It would be nice if this country didn't cede this entire issue to a fascist like Carlson.



https://inthesetimes.com/article/ukr...apons-industry

The entire NATSEC machine has been in a cozy relationship with arms manufacturers, who obviously stand to make a lot of money during a conflict, for decades now. It would be really swell if the only pundit of prominence suggesting caution to foreign entanglements wasn't a ghoul like Carlson.

Anti-imperialism is a position that has some popularity among the public. It would be nice if we didn't just hand this issue entirely to the fascist right.
Do you object to the US having been the Arsenal of Democracy during WW2?
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Old 28th January 2022, 09:13 AM   #72
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Originally Posted by BobTheCoward View Post
Ordered it.

The obvious piece of evidence would be a copy of the order.
Just submit a Freedom of Information Act request and the Russian government will send you all documents related to their campaign to murder exiled dissidents on foreign territory. If they don't send you any documents, it means there aren't any because there isn't any such program. That's how skepticism works, right?

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Old 28th January 2022, 09:15 AM   #73
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Originally Posted by Lurch View Post
Do you object to the US having been the Arsenal of Democracy during WW2?
I'm just pointing out that having a massive, privatized military supply and arms industry results in extremely perverse incentives. The revolving door between the natsec world and military contractors is not even concealed.

It used to be commonly understood that war profiteers were vile people. Now that model of business is an accepted part of our society.

I have no objection to the US arming our allies against aggressive action when its in our interests, though the arms and military supply industry ought to be nationalized.
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Old 28th January 2022, 09:30 AM   #74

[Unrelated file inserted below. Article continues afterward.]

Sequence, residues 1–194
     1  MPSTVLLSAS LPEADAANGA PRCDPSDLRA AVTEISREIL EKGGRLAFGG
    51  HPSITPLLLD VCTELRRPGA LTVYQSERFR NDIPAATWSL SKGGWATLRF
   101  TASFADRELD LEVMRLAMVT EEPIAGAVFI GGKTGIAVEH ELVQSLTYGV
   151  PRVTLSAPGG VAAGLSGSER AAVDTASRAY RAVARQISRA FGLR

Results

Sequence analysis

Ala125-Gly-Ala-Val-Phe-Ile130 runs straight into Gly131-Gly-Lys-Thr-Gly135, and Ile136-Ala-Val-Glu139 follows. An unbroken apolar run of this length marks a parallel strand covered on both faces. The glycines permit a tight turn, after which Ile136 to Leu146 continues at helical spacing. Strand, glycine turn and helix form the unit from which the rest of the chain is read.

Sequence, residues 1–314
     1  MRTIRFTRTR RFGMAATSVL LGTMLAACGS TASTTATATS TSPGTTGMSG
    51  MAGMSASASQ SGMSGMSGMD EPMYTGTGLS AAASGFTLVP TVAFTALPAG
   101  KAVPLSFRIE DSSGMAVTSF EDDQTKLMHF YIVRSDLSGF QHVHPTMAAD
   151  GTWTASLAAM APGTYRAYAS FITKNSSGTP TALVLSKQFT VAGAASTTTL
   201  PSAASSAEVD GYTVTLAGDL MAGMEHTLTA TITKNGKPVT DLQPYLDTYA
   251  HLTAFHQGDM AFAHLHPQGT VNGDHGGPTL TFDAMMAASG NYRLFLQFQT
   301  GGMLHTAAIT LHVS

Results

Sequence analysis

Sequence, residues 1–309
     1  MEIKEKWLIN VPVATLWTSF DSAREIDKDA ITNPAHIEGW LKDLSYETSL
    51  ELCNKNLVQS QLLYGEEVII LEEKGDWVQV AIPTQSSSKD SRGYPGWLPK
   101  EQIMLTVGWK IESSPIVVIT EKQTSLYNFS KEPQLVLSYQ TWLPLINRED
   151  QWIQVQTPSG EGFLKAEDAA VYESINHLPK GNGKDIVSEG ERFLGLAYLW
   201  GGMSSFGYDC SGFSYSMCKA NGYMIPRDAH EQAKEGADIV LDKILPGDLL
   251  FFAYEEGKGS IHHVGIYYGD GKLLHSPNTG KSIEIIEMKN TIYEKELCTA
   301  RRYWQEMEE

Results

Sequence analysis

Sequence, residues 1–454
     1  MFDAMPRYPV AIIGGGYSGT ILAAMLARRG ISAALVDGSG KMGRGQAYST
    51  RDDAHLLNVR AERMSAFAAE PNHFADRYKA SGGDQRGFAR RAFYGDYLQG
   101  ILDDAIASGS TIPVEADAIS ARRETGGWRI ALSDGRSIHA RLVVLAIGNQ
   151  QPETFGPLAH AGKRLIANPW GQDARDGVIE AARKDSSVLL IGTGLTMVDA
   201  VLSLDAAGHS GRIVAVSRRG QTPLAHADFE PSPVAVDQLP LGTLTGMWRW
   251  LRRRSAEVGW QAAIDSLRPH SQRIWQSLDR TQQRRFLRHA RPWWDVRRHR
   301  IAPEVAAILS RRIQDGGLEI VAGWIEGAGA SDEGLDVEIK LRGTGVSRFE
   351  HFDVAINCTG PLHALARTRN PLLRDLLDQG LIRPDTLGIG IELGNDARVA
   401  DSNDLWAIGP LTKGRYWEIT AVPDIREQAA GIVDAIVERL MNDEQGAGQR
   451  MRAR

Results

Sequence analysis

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Originally Posted by digger View Post
Just submit a Freedom of Information Act request and the Russian government will send you all documents related to their campaign to murder exiled dissidents on foreign territory. If they don't send you any documents, it means there aren't any because there isn't any such program. That's how skepticism works, right?
The burden of proof isn't lowered if the evidence is difficult to maintain.
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Old 28th January 2022, 08:41 PM   #75
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Originally Posted by SuburbanTurkey View Post
Yes, if you consider the entire globe as America's backyard, I can see how you might feel this way. This is an inherently imperial mindset.
BREAKING NEWS: The Big Oceans No Longer Act to Secure America's Safety.
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Quote:
this is pretty obviously in Europe's immediate sphere of influence. They should be taking point on such a thing and I would feel differently if Germany was the one clamoring for extraordinary intervention, as an example. It's difficult because the EU seems pretty content to rely on the vast American military to serve as the international police, so they have little capability to act on their own. This should probably change.